Dr. Jeanne Law-Bohannon is an associate professor of English and the Director of KSU’s first-year composition (FYC) program. FYC serves more than 9,000 students annually, in a two-course sequence (ENGL 1101 and ENGL 1102). More than 110 faculty teach in FYC, in almost 700 sections per year. Jeanne’s research interests include multimodal writing strategies, inclusive pedagogy, contract grading methodologies, civil rights rhetorics, and archival research.
In her work as FYC director, Jeanne embraces a collaborative model, working with students, faculty, and University leadership to strike a balance between measurable, sustainable student success and faculty’s academic freedom to innovate in the classroom.
In her research, Jeanne focuses on community-driven, digital storytelling projects; she was awarded a $100,000 grant from the Rich Foundation to document and preserve experiences from the Atlanta Student Movement of the 1960s.
Jeanne serves on several committees and workgroups, including KSU’s General Education Council, the Council of Writing Program Administrators’ (CWPA) digital learning and diversity committees, KSU’s steering committee for the Quality Enhancement Plan (QEP), and the Committee to Commemorate the Atlanta Student Movement.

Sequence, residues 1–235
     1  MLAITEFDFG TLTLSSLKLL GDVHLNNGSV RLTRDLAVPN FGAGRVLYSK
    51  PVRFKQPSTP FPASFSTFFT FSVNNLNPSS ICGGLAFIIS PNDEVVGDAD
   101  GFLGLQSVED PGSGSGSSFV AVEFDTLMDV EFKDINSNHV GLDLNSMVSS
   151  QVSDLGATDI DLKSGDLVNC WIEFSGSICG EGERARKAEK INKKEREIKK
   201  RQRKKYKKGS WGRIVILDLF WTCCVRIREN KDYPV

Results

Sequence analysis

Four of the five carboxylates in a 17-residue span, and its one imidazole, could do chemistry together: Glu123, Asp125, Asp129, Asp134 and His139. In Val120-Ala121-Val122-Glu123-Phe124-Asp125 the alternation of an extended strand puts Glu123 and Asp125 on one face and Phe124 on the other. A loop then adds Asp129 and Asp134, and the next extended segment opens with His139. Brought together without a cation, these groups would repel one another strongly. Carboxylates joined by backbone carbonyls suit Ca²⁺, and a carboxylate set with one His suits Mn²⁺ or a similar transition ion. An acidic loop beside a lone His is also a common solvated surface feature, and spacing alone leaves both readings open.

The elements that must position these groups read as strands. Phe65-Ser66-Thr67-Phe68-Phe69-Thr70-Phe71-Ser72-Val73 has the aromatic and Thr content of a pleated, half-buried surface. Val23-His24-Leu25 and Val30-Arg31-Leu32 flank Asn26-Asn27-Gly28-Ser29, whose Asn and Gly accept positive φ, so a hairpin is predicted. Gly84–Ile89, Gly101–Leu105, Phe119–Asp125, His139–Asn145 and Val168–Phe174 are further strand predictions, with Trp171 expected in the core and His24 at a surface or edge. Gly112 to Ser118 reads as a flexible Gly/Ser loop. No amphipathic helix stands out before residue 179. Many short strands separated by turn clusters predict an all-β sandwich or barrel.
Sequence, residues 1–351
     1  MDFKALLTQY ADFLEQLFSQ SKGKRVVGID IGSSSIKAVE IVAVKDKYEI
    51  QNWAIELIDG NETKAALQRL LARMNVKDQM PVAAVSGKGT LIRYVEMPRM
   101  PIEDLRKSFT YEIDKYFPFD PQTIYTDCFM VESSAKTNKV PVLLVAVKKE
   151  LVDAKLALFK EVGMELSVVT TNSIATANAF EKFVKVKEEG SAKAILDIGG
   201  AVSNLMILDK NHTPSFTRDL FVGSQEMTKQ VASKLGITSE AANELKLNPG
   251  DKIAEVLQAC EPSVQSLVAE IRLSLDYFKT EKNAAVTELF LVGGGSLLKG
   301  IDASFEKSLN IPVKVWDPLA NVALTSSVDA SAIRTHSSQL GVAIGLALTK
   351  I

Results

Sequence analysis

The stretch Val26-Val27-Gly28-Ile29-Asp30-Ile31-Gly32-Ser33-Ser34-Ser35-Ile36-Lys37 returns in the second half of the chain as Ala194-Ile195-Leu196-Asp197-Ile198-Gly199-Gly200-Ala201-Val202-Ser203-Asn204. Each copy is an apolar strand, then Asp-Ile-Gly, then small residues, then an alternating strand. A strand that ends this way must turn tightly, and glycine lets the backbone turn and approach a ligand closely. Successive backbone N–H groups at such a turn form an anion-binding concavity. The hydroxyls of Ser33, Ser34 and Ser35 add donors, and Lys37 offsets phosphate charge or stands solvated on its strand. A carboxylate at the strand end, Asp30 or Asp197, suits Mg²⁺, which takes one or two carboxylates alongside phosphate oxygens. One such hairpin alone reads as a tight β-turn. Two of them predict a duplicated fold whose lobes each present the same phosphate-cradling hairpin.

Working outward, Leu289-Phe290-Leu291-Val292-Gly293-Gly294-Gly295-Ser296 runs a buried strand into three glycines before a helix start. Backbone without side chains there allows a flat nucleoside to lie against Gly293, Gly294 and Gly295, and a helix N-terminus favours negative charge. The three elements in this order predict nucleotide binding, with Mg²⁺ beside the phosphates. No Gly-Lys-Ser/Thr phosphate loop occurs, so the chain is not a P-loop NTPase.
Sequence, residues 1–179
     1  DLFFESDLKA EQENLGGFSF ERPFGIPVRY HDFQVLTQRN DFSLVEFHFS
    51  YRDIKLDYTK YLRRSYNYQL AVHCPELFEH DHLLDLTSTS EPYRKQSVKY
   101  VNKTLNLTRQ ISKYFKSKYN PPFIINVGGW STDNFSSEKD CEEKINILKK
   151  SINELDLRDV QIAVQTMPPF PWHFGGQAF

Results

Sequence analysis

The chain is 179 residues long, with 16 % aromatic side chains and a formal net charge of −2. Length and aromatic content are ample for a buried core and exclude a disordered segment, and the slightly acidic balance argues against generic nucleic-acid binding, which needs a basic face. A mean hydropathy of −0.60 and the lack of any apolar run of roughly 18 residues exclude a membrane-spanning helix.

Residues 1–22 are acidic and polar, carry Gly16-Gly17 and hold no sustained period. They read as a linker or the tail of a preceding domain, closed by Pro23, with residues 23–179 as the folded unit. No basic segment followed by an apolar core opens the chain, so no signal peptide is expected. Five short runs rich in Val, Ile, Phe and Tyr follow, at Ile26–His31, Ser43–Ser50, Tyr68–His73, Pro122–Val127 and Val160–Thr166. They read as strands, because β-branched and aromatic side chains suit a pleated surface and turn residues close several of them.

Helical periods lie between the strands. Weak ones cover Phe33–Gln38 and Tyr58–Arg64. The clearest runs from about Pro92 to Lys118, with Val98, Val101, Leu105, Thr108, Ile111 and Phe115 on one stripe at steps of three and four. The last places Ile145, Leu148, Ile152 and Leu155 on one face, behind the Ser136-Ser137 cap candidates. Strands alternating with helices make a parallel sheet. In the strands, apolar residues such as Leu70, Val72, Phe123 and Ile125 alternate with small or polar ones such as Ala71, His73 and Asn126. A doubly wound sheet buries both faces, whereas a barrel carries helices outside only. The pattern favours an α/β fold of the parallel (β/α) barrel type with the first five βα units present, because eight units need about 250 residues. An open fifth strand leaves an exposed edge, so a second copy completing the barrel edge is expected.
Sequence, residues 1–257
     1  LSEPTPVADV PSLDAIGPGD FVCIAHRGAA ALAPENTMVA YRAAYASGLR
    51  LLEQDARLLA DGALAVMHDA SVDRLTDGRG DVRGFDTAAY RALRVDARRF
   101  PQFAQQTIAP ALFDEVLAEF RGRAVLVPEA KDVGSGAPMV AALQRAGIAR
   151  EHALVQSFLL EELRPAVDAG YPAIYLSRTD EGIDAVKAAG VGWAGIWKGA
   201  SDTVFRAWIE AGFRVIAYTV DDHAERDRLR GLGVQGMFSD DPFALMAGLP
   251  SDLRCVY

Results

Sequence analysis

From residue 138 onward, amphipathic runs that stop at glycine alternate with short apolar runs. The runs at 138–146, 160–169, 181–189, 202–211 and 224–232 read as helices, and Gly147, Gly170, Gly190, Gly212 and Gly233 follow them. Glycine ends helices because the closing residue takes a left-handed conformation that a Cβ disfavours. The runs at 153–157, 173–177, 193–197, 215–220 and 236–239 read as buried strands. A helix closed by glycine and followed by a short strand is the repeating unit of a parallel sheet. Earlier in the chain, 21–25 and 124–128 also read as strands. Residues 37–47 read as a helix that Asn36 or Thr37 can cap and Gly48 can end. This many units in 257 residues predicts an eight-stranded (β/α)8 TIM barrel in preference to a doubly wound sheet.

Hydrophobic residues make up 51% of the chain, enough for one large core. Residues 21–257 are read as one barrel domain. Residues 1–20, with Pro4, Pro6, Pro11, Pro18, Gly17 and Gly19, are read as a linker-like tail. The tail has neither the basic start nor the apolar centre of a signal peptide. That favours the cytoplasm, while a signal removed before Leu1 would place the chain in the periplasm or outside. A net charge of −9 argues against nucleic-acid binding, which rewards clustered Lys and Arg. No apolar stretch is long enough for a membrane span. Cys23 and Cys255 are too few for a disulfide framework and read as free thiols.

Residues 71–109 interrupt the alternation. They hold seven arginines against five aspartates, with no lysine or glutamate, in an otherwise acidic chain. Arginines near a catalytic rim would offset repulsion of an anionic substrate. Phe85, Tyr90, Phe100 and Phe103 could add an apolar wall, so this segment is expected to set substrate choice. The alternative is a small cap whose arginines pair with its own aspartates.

Her publications include The Writer’s Loop: A Guide to College Writing (Macmillan); Teaching with Lunsford Handbooks; two chapters in Teaching Information Literacy and Writing Studies (Purdue Press), a chapter in Digital Reading and Writing in Composition Studies (Routledge); a chapter in Teaching Through the Archives (Southern Illinois University Press); and the multi-platform, grant-funded #ATLStudentMovement project.
Dr. Laura McGrath